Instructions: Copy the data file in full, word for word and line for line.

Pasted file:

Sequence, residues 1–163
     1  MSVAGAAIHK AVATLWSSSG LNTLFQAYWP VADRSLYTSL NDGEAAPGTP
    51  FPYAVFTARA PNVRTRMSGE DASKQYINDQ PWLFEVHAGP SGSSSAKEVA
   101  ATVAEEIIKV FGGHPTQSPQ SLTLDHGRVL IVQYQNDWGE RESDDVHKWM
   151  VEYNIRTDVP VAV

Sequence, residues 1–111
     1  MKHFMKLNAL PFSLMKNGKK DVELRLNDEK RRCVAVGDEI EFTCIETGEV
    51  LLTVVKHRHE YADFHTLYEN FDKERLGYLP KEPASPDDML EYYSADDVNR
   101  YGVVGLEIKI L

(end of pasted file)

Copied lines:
Sequence, residues 1–163
     1  MSVAGAAIHK AVATLWSSSG LNTLFQAYWP VADRSLYTSL NDGEAAPGTP
    51  FPYAVFTARA PNVRTRMSGE DASKQYINDQ PWLFEVHAGP SGSSSAKEVA
   101  ATVAEEIIKV FGGHPTQSPQ SLTLDHGRVL IVQYQNDWGE RESDDVHKWM
   151  VEYNIRTDVP VAV

Sequence, residues 1–111
     1  MKHFMKLNAL PFSLMKNGKK DVELRLNDEK RRCVAVGDEI EFTCIETGEV
    51  LLTVVKHRHE YADFHTLYEN FDKERLGYLP KEPASPDDML EYYSADDVNR
   101  YGVVGLEIKI L